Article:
As we do at each position in our free agency primers, we will consider five questions as we work our way through the depth chart:
1. How might the Buccaneers’ own list of pending free agents affect the position?
2. What level of talent will potentially be available at that position on the open market?
3. How effectively could a need at that position be addressed in the early rounds of the draft instead?
4. What is the Buccaneers history in free agency at that position?
5. How did that position perform for the Buccaneers in 2012?
As always, player evaluations and other points of conjecture are not meant to reflect the opinion of the Buccaneers’ coaches or player personnel staff.
Positional Free Agency Primer: Defensive Line
- Tampa Bay’s own pending free agents
Two of the Buccaneers' 10 pending unrestricted free agents are receivers, but the pair accounted for just one catch between them in 2012. One is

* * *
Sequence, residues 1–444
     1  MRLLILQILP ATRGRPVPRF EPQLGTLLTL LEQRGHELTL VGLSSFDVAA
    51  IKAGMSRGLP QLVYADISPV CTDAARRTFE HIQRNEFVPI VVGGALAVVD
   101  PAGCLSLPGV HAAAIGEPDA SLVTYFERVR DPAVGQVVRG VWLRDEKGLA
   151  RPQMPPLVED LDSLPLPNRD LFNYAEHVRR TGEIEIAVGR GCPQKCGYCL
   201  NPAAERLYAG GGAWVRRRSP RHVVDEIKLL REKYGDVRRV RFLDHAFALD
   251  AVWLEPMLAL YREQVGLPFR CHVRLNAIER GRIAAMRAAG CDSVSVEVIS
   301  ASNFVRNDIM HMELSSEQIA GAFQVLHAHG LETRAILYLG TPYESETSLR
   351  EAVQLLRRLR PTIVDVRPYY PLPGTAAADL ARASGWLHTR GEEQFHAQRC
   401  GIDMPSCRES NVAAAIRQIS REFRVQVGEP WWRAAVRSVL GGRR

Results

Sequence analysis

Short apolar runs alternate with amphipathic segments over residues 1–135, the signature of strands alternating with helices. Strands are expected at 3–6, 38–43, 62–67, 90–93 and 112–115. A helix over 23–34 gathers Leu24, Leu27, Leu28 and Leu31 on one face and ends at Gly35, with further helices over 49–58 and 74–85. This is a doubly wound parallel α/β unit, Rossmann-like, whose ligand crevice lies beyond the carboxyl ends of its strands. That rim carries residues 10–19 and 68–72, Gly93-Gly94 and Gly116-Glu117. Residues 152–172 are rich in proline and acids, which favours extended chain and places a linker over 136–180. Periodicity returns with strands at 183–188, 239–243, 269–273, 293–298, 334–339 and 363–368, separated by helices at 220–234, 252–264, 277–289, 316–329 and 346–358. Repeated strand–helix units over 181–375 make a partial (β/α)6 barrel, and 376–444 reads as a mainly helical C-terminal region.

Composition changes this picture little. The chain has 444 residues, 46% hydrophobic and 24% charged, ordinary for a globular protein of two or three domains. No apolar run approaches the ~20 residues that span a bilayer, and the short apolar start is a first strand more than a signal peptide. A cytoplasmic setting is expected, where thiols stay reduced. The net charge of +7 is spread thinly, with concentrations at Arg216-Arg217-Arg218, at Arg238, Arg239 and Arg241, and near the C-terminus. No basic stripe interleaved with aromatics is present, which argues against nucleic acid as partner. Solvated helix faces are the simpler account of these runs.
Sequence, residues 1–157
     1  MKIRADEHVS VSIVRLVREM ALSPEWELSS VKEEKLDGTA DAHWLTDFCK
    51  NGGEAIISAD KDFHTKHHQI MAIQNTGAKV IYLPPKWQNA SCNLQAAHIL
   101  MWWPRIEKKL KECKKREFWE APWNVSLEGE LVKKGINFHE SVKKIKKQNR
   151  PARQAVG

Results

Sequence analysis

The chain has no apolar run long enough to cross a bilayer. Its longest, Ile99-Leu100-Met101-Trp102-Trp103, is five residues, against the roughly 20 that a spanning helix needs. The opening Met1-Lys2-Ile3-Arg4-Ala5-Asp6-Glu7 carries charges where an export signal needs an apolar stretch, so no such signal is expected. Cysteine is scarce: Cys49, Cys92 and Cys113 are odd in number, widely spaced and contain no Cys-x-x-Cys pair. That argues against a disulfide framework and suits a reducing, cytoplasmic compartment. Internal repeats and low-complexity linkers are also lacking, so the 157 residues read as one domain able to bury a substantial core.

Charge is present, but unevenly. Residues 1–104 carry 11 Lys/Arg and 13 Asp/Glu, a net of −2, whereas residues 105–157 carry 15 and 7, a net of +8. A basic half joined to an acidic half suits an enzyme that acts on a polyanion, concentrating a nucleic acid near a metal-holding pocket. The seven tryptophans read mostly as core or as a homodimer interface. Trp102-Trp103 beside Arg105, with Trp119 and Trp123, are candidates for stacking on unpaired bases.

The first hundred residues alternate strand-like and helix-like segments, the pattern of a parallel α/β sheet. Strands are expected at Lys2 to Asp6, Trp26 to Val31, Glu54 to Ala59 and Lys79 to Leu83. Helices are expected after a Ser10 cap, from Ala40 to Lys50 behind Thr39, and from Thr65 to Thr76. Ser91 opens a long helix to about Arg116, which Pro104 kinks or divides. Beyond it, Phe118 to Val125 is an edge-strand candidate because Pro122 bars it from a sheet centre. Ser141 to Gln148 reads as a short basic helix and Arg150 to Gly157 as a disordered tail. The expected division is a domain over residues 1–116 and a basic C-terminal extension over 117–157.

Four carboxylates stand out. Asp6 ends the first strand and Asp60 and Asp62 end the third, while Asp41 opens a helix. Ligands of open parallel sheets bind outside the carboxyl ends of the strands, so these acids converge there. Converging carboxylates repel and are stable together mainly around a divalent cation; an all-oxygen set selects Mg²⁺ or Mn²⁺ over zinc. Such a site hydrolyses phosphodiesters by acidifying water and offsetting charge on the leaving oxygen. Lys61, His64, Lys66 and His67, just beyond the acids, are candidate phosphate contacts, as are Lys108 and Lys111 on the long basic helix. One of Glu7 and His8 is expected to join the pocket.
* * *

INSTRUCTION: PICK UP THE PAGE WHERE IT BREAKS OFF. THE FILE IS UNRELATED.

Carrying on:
Of course, that doesn't preclude the possibility of either player making an impact on offense in 2013, should he return.
Stroughter, in particular, has a history with the Bucs' offense and has shown he can be effective in the slot. He had 31 catches as a rookie in 2009, despite joining the team as a seventh-round draft pick, and another 24 in 2010. Stroughter has unfortunately been the victim of a string of injuries, however, and has played only eight game the past two years. Parrish has 134 career catches, including 33 with Buffalo as recently as 2010. Both players are also proven return men, Stroughter more so on kickoffs and Parrish more so on punts, which could make them more attractive to the Buccaneers when re-signing decisions are being made.